TCFB - How it Started
I really enjoy playing 2D RPGs, well – up to a certain point. Back when the SNES Mini came out I played through quite a few of the classics; Chrono Trigger, Earthbound, Secret of Mana, Illusion of Gaia, Terranigma, and tried a fair few others.
I loved the atmosphere in the games, the often quirky humour, the beautiful pixel art, the huge variety of environments, and many other things. They are rightly revered as classics of the genre.
What I didn’t enjoy though was the grinding – the same battles over-and-over again, trying to build up stats and powers. It felt like false gameplay – a mechanism to force extra hours of play into each game. I just don’t have the time to really battle through; stuff like work, family, exercise, and so on leave a limited number of hours a week to play.
Also, and I am slightly scared to say it out loud, but I also don’t really like endless bouts of dungeon crawling. After a while they seem to get very samey and repetitive.
Now this is of course a personal opinion, and I respect those who love their dungeons and grinding, but I thought to myself – I’d love to make a 2D RPG, but just one with a slightly different spin…
What’s it all About?
As I’ve said, I wanted to try a different approach – a combination of a big open world where you can meet and talk with an eclectic bunch of different characters, perform tasks and quests, solve puzzles and find ‘stuff’ along with a series of sub-levels which replace the typical RPG dungeon quests.
The sub-game levels started out quite heavily influenced by Zombies Ate My Neighbours, fun and fast-paced monster battling, hunting out and finding level items, rescuing prisoners and experimenting with lots of cool weapons, all presented in the top-down 2D engine.
I did a few of these, and then thought – hold on, I can expand the concept here and really go mad – so I did; adding a 3D retro first-person engine, which allowed for 3D survival horror, FPS Doom style shooting, Battlezone type levels of robot blasting. I then added a platform engine, so I could do platformer levels and run and guns.
Along the way I also decided to tie these all into the story via portals which are opened by the player after collecting and using certain items. As I was setting it in a vague 80s style time-line (I know, everyone is doing it, but heck, I grew up during the 80s so I just have a strong affinity for that period), I decided to make these items specific to that era…
Opening-up the Other Worlds
Video-tapes, old computers and arcade machines! What could be more typical of my 80s childhood than those! The concept is – the local kids have been kidnapped by Aliens (bit of an Earthboundthing there), and zapped into scary videos, games and arcade games. Find the tapes and games where the kids are trapped, use them in a suitable video player, computer or arcade cab and get fighting and exploring!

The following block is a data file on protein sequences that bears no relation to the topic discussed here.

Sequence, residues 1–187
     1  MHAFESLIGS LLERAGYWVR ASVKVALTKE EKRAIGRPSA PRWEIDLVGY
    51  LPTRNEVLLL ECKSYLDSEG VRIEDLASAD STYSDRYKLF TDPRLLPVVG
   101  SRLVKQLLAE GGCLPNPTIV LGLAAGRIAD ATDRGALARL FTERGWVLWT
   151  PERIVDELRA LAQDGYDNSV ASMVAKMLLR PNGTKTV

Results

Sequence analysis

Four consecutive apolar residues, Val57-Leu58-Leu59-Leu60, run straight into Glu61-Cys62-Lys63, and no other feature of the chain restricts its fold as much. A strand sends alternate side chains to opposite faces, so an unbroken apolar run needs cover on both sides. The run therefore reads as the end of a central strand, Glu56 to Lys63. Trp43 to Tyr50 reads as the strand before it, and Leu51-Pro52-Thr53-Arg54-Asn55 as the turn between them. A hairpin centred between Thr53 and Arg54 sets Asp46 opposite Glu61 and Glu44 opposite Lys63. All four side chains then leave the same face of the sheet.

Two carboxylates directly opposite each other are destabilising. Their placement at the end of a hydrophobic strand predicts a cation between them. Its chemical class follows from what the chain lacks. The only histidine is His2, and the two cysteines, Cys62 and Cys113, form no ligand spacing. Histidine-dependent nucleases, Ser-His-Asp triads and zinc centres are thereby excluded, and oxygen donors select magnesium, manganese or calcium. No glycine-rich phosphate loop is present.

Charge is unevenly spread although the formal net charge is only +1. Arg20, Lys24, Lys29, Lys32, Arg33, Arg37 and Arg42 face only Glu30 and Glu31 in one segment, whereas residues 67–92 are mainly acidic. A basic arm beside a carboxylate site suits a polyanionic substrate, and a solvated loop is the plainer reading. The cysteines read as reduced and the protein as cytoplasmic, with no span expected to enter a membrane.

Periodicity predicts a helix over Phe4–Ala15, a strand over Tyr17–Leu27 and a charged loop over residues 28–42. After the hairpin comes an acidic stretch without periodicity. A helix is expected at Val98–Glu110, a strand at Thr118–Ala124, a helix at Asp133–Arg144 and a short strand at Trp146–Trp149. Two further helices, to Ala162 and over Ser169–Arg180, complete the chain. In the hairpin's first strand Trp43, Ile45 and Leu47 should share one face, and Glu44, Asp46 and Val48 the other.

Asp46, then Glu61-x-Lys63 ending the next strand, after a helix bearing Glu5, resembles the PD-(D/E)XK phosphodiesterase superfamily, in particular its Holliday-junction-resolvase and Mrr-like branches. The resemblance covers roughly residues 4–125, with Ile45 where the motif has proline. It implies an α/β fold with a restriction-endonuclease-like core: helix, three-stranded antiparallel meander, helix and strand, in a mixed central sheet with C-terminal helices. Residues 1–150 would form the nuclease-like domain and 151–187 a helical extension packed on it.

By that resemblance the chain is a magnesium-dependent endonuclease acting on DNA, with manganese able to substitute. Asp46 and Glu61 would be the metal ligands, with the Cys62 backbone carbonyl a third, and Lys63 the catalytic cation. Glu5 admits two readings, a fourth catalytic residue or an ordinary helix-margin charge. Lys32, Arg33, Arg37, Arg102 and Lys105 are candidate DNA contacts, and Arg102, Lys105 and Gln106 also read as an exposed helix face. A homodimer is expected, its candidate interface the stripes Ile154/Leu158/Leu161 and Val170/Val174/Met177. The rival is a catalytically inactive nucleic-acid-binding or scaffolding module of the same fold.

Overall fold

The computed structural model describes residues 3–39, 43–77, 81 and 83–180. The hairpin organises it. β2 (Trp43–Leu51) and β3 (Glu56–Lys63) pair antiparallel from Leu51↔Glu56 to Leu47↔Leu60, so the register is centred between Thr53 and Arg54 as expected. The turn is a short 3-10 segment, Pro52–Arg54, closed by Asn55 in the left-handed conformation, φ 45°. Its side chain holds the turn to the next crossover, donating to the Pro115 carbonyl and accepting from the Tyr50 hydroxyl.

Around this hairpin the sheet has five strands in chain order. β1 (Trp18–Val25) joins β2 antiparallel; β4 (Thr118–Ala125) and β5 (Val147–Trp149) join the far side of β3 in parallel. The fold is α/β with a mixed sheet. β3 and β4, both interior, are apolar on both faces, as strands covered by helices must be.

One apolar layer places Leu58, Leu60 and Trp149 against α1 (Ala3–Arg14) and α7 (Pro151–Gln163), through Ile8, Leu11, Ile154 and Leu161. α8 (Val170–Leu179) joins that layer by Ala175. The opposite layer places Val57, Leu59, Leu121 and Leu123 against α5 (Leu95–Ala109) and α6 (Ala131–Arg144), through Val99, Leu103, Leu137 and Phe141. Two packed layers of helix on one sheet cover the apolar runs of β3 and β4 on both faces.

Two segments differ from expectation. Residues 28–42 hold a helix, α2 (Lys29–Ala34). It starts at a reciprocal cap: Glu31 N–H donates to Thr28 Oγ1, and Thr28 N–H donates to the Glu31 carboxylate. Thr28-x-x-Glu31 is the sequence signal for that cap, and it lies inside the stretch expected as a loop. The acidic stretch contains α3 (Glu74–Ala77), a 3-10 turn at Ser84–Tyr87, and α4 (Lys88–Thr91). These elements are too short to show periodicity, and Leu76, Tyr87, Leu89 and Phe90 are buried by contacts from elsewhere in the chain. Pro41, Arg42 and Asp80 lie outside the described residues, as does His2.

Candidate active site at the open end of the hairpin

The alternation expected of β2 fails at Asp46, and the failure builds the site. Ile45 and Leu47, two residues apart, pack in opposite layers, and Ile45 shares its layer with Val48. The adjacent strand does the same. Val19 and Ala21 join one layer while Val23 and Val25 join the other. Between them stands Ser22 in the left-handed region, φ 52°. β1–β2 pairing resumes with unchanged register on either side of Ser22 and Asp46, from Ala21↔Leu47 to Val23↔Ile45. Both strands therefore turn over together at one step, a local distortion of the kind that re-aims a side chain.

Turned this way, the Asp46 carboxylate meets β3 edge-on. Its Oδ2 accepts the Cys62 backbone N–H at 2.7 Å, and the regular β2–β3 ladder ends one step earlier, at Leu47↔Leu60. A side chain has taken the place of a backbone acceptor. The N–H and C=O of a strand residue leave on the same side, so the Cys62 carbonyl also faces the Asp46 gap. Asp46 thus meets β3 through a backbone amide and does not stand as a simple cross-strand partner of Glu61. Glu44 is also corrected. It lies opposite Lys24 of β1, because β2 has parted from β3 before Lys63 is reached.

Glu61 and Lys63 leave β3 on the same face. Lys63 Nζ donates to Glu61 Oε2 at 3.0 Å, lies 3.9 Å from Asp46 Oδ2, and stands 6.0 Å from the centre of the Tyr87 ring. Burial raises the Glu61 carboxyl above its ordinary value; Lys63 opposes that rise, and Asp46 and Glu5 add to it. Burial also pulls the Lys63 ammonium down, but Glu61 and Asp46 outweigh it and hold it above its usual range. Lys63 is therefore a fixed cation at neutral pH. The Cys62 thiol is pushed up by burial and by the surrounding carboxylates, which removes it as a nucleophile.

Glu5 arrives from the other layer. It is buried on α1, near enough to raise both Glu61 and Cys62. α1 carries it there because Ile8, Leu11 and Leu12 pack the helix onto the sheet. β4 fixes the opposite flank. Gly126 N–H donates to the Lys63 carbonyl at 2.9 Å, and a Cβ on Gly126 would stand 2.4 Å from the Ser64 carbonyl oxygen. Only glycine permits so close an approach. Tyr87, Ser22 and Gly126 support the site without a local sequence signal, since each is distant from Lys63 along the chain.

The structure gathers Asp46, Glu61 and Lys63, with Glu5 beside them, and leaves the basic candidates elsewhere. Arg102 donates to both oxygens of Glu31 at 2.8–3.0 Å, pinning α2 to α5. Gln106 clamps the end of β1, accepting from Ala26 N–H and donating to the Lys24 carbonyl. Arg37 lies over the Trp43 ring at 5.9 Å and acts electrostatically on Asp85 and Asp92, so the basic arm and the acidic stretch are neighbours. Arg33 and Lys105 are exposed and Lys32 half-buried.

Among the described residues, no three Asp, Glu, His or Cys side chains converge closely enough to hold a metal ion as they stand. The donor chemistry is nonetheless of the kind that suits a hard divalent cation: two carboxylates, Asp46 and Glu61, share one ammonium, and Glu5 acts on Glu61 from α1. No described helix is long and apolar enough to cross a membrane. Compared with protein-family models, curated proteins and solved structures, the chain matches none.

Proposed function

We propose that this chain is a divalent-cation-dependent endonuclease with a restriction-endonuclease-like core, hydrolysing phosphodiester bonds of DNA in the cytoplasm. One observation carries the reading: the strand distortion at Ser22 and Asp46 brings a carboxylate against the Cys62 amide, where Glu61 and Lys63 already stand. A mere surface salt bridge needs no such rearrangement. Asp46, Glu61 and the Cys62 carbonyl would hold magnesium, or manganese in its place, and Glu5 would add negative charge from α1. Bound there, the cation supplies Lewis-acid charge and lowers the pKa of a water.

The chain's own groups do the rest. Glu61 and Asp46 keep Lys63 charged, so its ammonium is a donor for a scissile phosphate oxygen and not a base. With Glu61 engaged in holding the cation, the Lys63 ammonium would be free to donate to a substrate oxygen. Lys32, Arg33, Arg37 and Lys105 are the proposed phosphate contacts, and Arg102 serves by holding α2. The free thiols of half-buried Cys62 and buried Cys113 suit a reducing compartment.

If you have ever played any of our other recent games, you’ll know I am more than a little bit obsessed with putting in references and homages to classic games and movies. In fact, Life of Pixel was a game ALL about that!
But what They Came from Beyond offered was the freedom to explore so many more things, to just go all out and add in bits of everything I loved growing up! So, I now present my current list of influences, each of which have been featured in one way or another in this game:
Earthbound, Zombies Ate My Neighbours, Wolfenstein, Doom, H.E.R.O, Gauntlet, Rambo, Commando, Smash TV, Aliens, Alien Syndrome, Splatterhouse, Rastan, Robocop, The Fog, The Shining, Mummy horror movies, Silent Hill, Resident Evil, Night of the Living Dead, Dawn of the Dead, Knight Lore, Fairlight, 3D Ant Attack, Zombie Zombie, The A-Team, Arnie, Stallone, Battlezone, Escape from New York, They Came from the Desert, Tremors, The Terminator, Friday 13th, Killer Klowns from Outer Space, The Thing, H P Lovecraft, plus a few more I have probably forgotten!
And the cool bit is that those are the bits already done – so I still get chance to add in lots more good stuff from many more horror films, games and pop culture that I loved (and still love).
And yep – no dungeons, well… hardly any; one of the sub-games is called Deep Dungeons, and offers a spin on Gauntlet.
And, more importantly (to me anyway), no grinding!
So here is a screen from each of the sub-games implemented so far. I may be biased, but I think it beats endless dungeons!
Leave a comment
Log in with itch.io to leave a comment.